What it all boils down to is that there is a huge range of options in heating, both in the conventional and alternative markets, and there's no one right answer for all applications.  Some folks will be best off with oil.  Others will be very pleased with wood-fired heating.  Some will love their geothermal.  And still others will beg used fry oil from the local restaurants, and heat their houses using that.

Joe
Title: Re: Costs for Geothermal?
Post by: ByronB on November 09, 2008, 06:28 AM NHFT
There is no "oversizing."  The system is sized to the heating/cooling load.

Often, we will actually undersize geothermal, by sizing it to the cooling load (typically about half the heating load), and using fossil fuel to cover the very coldest part of the year.
What I meant is that since the ground is colder then what you want your house to be geothermal is more efficient at cooling a building then heating, therefore if you size a unit to cover all your heating needs you will have a bigger compressor and ground loop then you need for your cooling needs... sizing it by cooling needs like you said makes the most sense if you are trying to get your moneys worth IMO.


Properly-designed radiant cooling systems incorporate humidity control, which does not allow the floor to get below the dew point.
Hmmm, tie in a humidistat to a mixing valve to control the water temp? I have never seen anything like that... I suppose it would work; however on real hot humid days it may cut your cooling most all the way off... unless you know of a better way.

I'm use to having a week or two a summer hitting the 100s every day with the humidity never dropping below 90% so maybe the standards I'm use to are overkill for in NH.

Unless you are intentionally doing a hybrid system, there's no need for a fossil fuel backup.
Maybe I like redundancy too much (or I've fixed WAY to many ACs that crapped out) but I'd personally like to see at least a electric backup for any heat pump I'm depending on to keep my pipes from freezing.

Regarding the costs, when folks say that it's similar, it's probably because they had a high-producing well, allowing them to run an open system, eliminating the cost of a second well.  You need about 2 to 3 gallons per minute for every ton of geothermal capacity.  Most houses use three to six tons of geothermal, so a well that can produce somewhere in the 6-18gpm range can be used without needing to drill any additional wells.  Of course, you also need to have a place to discharge the used water, so not all sites are suitable for open systems (if you have downhill neighbors, they probably won't like you dumping the water on the ground, to run down and flood their basement).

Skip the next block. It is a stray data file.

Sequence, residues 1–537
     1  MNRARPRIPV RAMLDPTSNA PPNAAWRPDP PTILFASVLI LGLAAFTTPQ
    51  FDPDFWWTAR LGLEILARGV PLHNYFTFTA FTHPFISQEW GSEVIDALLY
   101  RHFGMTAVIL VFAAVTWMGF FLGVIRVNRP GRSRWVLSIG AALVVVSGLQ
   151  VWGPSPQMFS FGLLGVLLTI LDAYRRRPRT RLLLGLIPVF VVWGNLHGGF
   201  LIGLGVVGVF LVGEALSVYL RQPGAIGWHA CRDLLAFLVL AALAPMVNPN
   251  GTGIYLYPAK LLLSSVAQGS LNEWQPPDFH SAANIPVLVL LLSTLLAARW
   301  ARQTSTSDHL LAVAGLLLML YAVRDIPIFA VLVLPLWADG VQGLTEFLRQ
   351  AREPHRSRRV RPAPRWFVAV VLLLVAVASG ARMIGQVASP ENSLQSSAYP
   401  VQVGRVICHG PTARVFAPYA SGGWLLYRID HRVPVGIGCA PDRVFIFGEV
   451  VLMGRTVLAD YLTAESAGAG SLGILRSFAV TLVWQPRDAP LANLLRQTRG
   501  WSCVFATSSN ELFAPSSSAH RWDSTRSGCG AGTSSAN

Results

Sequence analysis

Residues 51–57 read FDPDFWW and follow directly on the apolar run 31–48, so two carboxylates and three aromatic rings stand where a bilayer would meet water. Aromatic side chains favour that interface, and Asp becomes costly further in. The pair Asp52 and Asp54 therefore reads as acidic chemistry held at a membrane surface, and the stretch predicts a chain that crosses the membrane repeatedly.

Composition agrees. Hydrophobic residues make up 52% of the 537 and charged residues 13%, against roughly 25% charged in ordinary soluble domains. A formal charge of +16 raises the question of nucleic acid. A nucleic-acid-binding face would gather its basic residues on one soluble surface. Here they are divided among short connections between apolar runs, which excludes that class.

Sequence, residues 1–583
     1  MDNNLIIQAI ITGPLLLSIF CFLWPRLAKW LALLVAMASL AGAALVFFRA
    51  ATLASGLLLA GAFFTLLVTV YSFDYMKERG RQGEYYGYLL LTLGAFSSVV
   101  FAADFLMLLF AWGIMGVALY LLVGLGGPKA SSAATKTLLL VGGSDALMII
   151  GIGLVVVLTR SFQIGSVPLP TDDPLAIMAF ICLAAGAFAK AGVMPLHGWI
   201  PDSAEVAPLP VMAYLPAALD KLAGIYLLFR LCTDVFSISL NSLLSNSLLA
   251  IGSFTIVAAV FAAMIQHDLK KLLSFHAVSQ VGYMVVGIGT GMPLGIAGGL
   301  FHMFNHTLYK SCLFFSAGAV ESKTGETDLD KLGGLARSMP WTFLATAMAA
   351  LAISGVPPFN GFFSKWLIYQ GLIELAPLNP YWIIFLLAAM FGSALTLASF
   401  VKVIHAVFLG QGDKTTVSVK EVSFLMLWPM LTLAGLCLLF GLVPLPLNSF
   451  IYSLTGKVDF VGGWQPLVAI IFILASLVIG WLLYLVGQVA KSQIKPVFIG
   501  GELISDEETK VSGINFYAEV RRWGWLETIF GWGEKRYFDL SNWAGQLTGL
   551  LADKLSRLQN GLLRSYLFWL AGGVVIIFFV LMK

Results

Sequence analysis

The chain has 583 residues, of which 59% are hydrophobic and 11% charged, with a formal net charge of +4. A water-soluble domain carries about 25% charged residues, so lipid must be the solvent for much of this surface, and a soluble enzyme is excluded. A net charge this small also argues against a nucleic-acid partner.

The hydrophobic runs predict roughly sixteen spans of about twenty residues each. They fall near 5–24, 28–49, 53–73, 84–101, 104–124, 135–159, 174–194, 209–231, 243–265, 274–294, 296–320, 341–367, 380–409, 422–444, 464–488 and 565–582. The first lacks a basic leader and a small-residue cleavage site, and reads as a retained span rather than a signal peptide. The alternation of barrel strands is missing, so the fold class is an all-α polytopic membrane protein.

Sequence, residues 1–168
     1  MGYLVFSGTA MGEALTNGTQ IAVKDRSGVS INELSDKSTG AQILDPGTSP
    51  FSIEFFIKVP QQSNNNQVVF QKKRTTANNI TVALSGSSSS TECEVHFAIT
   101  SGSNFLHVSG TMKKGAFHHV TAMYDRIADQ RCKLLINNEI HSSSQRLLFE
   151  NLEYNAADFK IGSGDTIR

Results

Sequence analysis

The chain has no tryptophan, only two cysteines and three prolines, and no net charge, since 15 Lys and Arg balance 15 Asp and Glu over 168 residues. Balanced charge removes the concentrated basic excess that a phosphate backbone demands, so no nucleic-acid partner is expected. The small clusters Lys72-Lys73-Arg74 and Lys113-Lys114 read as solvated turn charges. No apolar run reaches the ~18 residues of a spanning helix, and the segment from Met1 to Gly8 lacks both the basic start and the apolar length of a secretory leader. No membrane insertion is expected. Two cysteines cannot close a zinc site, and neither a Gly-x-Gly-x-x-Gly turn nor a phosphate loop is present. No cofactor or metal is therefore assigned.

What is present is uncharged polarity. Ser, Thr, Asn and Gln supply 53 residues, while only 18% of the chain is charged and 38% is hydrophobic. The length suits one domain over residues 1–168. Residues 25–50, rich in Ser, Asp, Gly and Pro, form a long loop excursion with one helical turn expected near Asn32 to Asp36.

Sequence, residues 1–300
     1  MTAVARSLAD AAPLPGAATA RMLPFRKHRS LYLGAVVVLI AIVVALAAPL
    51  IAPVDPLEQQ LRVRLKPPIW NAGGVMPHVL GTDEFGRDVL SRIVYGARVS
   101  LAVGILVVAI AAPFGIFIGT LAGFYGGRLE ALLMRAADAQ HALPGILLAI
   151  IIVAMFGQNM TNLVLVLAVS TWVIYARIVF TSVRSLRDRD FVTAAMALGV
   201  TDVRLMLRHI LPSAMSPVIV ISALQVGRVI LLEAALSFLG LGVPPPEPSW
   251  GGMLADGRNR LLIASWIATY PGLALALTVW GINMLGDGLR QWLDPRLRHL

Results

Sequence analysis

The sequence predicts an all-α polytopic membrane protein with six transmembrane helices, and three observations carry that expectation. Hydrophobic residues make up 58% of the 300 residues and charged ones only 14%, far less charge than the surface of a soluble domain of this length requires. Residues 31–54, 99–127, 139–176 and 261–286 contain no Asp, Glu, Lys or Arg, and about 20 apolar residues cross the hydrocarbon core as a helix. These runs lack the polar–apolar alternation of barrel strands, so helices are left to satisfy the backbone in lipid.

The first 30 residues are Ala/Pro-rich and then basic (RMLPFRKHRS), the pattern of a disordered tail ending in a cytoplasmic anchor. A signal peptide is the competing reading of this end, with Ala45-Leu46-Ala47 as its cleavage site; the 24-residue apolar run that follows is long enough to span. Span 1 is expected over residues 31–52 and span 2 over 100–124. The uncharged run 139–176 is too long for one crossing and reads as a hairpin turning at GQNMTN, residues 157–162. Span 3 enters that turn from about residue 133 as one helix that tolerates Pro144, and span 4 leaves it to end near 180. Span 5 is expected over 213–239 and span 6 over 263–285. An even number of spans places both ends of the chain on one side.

Ok, I see how the costs could be similar, thanks for the info, I was thinking of a closed system...

I've always wanted to cool with water from a well, only run it straight through a heat exchanger instead of using it for condenser cooling... we use straight city water for cooling at the hospital I work at in some rooms for a backup when something in our chilled water system goes down, I had to use it once for our MRI room... couldn't tell there was a problem even though it was summer.
Title: Re: Costs for Geothermal?
Post by: dalebert on November 09, 2008, 07:44 AM NHFT
I'm use to having a week or two a summer hitting the 100s every day with the humidity never dropping below 90% so maybe the standards I'm use to are overkill for in NH.

Ah, yeah, definitely. Cooling is almost icing in NH, really. I used to live in GA so I know the type of climate you speak of. Ugh. NH summers are really mild and pleasant. We get hots days, but they're rarely relentless and ongoing. We usually get plenty of breaks and nights are rarely anywhere near as warm as days so we get breaks from the heat, unlike GA where the humidity traps all the heat from the day and it stays miserably hot all night long.
Title: Re: Costs for Geothermal?
Post by: MaineShark on November 09, 2008, 12:20 PM NHFT
What I meant is that since the ground is colder then what you want your house to be geothermal is more efficient at cooling a building then heating, therefore if you size a unit to cover all your heating needs you will have a bigger compressor and ground loop then you need for your cooling needs... sizing it by cooling needs like you said makes the most sense if you are trying to get your moneys worth IMO.